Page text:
A couple in the US state of Virginia is offering their 35-acre picturesque farm valued at USD 600,000 for just USD 200 and a 1,000-word flawless essay, spelling out how the contestant will take care of the farm.
Essays for the farm must be postmarked by October 1. After reviewing them, the couple – Randy Silvers and Carolyn Berry – will select 25 finalists and pass the essays along to a panel of three judges — an educator, a hobby farmer and a horse enthusiast — who will select a winner on November 26.
They are hoping to receive 5,000 essays, for a total of USD 1 million.
“The opening paragraph has to grab you,” Berry said. “It has to say ‘read me.’ No spelling, writing, grammar mistakes. And they have to spell out how they’ll take care of the farm.”
If the couple does not receive the anticipated number of essays (or something close to it), the couple will list the property, valued at USD 600,000.
“In that case, we would return all the money,” Berry was quoted as saying by Washington Post.
Silvers has called the horse farm, a two-hour drive south of Washington, home for nearly 20 years. It dates to the 18th century, and it was nearly barren when he took it over.
Now it boasts a three-story, four-bedroom home, a two-bedroom cottage, a five-stall barn and an air-conditioned woodworking shop. That is in addition to horse trails, acres upon acres of loamy soil and an endless patchwork of mature hardwood trees bordered by natural streams.
“It’s his dream,” Berry said of the property. “It’s like he’s living his dream. And it’s sad, but his dream needs to morph into another dream.”
Silvers, 64, was diagnosed with rheumatoid arthritis last year, which has made upkeep of the farm difficult at times.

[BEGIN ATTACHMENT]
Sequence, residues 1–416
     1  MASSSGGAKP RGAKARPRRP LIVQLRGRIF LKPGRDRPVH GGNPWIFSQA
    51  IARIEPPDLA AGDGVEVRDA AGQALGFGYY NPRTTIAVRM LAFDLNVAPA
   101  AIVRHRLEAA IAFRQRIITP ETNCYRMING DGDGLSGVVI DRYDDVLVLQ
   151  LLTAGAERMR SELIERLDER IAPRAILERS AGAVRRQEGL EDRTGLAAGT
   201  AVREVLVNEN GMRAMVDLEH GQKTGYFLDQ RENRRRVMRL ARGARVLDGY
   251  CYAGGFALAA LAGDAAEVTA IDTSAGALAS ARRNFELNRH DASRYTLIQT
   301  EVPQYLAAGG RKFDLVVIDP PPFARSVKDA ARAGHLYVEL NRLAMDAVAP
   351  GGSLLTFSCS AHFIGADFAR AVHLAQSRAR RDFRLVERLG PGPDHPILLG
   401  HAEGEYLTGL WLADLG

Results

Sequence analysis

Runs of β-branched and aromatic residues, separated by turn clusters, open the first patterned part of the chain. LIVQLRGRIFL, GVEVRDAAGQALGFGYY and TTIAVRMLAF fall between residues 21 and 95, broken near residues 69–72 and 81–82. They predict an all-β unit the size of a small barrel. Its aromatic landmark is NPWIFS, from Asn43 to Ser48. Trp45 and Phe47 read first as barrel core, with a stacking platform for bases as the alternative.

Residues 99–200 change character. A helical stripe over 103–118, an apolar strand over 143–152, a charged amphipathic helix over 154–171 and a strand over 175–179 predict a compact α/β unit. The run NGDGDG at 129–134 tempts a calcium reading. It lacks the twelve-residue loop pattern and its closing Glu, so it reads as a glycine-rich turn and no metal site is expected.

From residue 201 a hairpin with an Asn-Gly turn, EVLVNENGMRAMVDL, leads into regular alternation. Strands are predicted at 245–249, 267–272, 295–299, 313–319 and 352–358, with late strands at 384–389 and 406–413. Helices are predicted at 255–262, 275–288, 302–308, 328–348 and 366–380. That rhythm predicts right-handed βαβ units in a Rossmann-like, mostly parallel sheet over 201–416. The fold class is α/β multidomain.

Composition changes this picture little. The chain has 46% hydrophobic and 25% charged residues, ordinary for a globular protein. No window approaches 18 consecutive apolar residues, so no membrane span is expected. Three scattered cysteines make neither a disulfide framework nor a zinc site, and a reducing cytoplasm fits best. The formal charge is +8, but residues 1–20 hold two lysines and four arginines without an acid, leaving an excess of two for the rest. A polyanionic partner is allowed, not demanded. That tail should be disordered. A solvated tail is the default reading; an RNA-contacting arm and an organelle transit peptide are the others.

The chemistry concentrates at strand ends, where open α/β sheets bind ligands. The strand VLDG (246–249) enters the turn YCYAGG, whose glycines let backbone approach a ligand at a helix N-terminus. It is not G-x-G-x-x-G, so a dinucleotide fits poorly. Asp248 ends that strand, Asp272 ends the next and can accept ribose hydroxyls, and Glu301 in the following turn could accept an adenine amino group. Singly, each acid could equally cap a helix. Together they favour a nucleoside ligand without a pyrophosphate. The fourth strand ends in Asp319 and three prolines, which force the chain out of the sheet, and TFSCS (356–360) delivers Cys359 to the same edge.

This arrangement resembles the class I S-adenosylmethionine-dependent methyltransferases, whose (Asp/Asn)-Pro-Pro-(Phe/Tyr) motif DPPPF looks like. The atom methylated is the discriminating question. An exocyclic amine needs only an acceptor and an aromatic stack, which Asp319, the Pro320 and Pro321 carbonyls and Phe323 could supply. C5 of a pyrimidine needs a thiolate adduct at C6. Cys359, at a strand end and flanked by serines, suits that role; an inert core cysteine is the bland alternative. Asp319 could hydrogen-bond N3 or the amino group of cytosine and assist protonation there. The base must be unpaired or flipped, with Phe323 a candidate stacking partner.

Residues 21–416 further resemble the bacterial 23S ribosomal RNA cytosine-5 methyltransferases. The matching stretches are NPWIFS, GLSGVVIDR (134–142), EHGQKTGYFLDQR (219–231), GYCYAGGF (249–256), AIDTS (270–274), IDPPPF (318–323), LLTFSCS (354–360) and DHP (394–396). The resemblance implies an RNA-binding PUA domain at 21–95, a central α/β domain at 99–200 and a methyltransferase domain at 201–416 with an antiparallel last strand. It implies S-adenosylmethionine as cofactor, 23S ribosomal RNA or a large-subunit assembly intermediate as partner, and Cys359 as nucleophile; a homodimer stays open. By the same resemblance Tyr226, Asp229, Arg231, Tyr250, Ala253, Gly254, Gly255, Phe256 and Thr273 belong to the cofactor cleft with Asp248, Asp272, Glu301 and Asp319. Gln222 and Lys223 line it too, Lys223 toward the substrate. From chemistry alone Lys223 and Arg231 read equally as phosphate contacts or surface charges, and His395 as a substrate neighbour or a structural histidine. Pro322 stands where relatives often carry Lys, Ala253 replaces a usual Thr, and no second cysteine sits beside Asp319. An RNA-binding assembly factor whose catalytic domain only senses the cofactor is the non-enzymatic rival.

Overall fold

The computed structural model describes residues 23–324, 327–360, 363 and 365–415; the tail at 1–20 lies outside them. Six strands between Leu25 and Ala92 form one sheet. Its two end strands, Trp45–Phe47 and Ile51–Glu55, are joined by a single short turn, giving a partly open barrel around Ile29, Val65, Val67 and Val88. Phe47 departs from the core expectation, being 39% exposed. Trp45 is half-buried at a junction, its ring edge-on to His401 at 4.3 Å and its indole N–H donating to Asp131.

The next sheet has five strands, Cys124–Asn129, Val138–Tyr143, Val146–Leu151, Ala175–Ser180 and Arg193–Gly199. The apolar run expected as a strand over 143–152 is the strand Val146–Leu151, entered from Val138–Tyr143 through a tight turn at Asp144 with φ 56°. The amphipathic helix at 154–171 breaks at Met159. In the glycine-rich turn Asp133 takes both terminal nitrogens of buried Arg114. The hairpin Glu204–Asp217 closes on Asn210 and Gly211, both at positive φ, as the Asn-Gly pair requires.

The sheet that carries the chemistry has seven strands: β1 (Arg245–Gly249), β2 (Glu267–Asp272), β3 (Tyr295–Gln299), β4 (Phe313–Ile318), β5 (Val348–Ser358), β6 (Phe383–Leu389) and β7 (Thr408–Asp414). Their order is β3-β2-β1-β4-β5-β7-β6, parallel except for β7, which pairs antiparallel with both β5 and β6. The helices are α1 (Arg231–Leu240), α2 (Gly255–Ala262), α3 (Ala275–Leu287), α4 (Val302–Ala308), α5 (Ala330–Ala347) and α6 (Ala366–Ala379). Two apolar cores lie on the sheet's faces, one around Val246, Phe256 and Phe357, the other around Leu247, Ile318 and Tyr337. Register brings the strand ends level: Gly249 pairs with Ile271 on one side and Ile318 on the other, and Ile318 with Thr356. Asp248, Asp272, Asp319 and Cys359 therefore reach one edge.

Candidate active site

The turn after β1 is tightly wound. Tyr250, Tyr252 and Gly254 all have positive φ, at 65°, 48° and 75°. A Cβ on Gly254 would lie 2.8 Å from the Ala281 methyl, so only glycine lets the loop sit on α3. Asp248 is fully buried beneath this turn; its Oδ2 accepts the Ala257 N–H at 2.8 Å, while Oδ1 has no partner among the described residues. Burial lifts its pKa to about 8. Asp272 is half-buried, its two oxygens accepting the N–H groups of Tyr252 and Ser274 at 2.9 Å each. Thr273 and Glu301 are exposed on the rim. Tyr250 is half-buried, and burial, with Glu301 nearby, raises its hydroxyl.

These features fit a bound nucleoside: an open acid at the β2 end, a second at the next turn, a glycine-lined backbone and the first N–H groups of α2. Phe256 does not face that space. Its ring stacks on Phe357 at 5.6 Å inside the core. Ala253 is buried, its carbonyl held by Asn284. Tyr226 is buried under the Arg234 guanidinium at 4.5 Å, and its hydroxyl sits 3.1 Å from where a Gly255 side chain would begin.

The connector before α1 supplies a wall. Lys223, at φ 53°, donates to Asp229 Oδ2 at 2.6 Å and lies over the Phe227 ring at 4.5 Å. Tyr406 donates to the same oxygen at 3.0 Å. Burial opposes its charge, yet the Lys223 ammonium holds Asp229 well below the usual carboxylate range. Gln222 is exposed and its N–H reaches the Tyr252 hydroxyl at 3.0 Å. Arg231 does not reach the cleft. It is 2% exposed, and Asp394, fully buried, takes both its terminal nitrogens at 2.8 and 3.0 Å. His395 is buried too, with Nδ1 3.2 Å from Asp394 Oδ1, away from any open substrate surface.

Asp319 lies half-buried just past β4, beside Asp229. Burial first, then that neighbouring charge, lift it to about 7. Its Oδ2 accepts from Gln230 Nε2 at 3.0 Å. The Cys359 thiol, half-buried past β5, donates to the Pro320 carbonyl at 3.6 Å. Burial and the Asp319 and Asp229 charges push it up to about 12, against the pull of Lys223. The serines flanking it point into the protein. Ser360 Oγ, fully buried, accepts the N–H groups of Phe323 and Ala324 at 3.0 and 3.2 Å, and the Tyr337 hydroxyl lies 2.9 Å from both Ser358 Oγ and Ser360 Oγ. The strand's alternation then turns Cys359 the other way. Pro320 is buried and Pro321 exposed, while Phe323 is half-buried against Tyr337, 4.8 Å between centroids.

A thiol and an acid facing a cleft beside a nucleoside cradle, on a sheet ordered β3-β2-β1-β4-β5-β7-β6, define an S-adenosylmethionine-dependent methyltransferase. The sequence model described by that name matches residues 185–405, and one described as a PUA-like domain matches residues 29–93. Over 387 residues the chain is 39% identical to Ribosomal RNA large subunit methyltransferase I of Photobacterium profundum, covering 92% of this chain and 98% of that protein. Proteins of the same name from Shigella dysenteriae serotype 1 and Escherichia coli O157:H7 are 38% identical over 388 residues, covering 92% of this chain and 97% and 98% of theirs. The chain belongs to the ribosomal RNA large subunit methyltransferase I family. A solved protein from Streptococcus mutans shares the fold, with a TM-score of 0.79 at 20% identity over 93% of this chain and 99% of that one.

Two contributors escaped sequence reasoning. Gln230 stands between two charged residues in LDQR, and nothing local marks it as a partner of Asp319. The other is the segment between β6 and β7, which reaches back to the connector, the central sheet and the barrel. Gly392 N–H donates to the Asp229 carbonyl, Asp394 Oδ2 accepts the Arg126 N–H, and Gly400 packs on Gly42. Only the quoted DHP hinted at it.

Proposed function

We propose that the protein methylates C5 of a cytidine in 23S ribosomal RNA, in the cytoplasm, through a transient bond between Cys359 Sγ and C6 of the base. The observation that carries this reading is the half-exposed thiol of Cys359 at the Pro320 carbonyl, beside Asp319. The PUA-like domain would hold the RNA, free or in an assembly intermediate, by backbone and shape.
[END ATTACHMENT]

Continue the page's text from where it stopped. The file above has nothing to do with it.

Silvers and Berry have day jobs — he is a construction foreman; she is a director of a tutoring facility. And they cherish their life of solitude on the farm.
Now they want to find someone who will cherish it just as much. But instead of selling the farm, they are looking for people who can show them what they could bring to it.
Berry said she was inspired by an essay contest for the Center Lovell Inn in Maine, a bed and breakfast that was won for USD 100 in 1993 by a woman named Janice Sage. Sage wrote a 250-word essay that demonstrated her culinary and hospitality savvy, and her ability to care for the inn.
Meanwhile, a few people have raised questions about the legality of giving away homes through a raffle.
Under Virginia law, the essay contest for Rock Spring Farm, does not qualify as charitable gaming, said Michael Menefee, program manager of the state Office of Charitable and Regulatory Programs.
Essex County Commonwealth’s Attorney Vince Donoghue said that “the matter is under review.” But, he said he is not treating the issue as if the family has malicious intentions.
“This is a nice family just trying to give away a house and pay off the mortgage,” Donoghue said.